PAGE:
Americans’ distrust for the news media to tell the story straight has reached unprecedented levels, an alarming development for any functioning democracy, a new poll reveals.
The “low levels of public trust in the nation’s polarized media environment” arrived as a key finding in a survey released Tuesday by the Knight Foundation and Gallup Inc., which have tracked public sentiment about media preferences for years.
Overall, pollsters found wide agreement that U.S. media is necessary to ward off misinformation, but few Americans believe that job is being tackled by the press.
“Most Americans have lost confidence in the media to deliver the news objectively,” said Sam Gill, Knight’s senior vice president and chief program officer. “This is corrosive for our democracy.”
The poll reports Republicans (71%) more often than Democrats (22%) and independents (52%) have unfavorable opinions of media outlets. More than 4 out of 5 Americans (86%) say that news organizations advocate political viewpoints rather than report the news free of bias.
“It basically is confirming what various other studies have shown,” Penny Muse Abernathy, the Knight Chair in Journalism and Digital Media Economics at the University of North Carolina’s Hussman School of Journalism and Media, told The Washington Times.
“I think that it’s what we found over and over and over again is when you’re not getting local news, your only source of news is either television or the internet, and 90% of what you get is going tone national in scope,” Ms. Abernathy said.
The distrust is not new but increasingly sustained, say industry observers. Since the late 1990s, Gallup has tracked rising incredulity toward mainstream media. But the percentage of Americans seeing bias in the media or outright fabrication of facts (28%) has calcified, particularly among self-identified Republicans and the 1 in 5 Americans who claim to be “very conservative.”
The poll highlights the growing share of younger Americans who turn first to online news, rather than print or television. The results portend growing disenfranchisement for millennials and Gen Z and potential vulnerability to internet hoaxes and conspiracy theories, which flourish online, say the study’s authors.
“Americans who primarily access their news online — predominantly, younger Americans — are less likely to be knowledgeable about their local communities and to feel attached to their communities,” said Tuesday’s report.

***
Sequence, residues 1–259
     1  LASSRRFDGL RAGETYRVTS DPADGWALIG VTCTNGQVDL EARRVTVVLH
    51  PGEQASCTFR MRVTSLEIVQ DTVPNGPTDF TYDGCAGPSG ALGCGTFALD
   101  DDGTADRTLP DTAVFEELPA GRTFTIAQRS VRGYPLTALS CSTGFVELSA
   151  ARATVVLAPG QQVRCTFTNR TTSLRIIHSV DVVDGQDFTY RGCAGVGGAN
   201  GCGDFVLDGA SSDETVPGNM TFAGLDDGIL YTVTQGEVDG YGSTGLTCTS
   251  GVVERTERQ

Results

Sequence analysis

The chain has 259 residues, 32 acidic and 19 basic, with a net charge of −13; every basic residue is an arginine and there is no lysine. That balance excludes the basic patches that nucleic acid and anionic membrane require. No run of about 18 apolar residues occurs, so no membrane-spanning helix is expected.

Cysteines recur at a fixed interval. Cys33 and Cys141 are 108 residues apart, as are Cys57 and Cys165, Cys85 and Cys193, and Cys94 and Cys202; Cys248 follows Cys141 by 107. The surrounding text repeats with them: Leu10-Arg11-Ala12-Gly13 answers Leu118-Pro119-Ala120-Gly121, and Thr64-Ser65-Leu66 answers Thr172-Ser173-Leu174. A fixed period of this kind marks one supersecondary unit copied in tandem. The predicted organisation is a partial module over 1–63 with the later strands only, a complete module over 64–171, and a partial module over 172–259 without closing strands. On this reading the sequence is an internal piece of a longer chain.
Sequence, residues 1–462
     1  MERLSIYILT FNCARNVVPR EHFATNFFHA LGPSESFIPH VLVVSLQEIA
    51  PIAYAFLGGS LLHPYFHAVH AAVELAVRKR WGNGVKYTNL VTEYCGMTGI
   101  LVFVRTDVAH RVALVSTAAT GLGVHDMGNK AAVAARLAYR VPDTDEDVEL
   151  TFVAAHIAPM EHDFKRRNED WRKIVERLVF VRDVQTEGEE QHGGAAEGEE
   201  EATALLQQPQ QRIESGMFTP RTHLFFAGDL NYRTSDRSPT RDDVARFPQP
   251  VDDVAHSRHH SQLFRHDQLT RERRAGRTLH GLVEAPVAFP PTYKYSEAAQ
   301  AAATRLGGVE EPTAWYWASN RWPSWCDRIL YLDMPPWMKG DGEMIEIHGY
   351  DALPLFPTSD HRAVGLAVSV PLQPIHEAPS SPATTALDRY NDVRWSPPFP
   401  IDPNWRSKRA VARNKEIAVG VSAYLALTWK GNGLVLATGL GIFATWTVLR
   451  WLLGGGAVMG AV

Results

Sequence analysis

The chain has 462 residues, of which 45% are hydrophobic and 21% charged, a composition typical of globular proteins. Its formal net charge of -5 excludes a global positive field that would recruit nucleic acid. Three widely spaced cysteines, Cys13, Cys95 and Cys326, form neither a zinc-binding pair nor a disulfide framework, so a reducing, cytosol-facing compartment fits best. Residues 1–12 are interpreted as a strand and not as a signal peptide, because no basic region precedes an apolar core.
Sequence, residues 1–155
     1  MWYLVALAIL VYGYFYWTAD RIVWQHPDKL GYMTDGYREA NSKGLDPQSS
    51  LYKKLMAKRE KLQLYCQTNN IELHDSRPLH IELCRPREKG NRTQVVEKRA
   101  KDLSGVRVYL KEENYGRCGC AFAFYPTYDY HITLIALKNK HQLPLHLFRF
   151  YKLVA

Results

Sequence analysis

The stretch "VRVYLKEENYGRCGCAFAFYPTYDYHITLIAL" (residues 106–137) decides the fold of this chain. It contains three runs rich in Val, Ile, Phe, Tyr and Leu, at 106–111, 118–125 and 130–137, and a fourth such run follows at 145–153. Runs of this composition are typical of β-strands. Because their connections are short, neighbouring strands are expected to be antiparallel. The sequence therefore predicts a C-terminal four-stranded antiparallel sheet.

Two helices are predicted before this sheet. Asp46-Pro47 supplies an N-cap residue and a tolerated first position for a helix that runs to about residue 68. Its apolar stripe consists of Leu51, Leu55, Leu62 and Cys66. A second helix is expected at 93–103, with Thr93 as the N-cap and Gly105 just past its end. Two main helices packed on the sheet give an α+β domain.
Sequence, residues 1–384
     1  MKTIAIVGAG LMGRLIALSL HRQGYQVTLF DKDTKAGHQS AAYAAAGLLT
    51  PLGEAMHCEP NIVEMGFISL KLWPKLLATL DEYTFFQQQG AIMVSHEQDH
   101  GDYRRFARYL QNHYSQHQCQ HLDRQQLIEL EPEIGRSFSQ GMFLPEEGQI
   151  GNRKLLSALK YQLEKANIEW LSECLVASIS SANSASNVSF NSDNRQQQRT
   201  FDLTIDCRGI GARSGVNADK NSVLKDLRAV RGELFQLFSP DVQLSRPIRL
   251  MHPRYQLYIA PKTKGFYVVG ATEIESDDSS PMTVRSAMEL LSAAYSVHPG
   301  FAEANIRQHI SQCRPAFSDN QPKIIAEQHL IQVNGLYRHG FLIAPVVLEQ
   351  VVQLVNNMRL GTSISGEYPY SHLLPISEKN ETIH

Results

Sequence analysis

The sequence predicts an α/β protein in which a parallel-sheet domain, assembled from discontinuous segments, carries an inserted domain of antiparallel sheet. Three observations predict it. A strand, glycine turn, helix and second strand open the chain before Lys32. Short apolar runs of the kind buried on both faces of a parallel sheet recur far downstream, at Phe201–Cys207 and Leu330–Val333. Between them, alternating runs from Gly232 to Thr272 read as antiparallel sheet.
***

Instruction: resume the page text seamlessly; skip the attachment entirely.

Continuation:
The poll also shows that viewers who regularly tune in or reach for ideologically-rooted news programming or commentary programs tend to see less political bias than members of political parties whose media consumption is less driven by partisan sympathies.
Some industry observers reacted Tuesday with pointed questions about the underlying premise in the poll.
“What’s so grating about this is that we never should have promised objectivity. Failing to deliver that false god is inevitable. It was a lie,” tweeted Jeff Jarvis, writer and professor at City University of New York’s Graduate School of Journalism.
Jennifer Moore, an associate professor of journalism at the University of Minnesota-Duluth, said media organizations are often held to the standard of “objectivity,” but such a “myth” is a standard not fully reflecting the job of good reporting.
“I tell students they [as reporters] need to be fair in their reports and seek the truth and tell the truth,” Ms. Moore told The Times. “But what’s the objective way of reporting on enslavement? Or structural racism? Is there two sides to that story? We need to do a better job as a society to go back to some civics classes and learn about the news media and the relationship of journalism to democracy.”
Other findings in Tuesday’s poll provide a snapshot of American media consumption. In the realm of cable news, Fox News viewers (23%) are more likely than CNN viewers (17%) to say their source has a great deal of bias.
While only 1 in 100 persons between the age of 18 and 39 count on print newspapers or magazines for as their go-to news source in the mornings.
Overall, 51% of Americans get their news online, 35% from television, 9% from radio, and 5% from magazines or newspapers.
The poll was collected over the winter of 2019-2020, before the onset of the coronavirus.
Copyright © 2020 The Washington Times, LLC.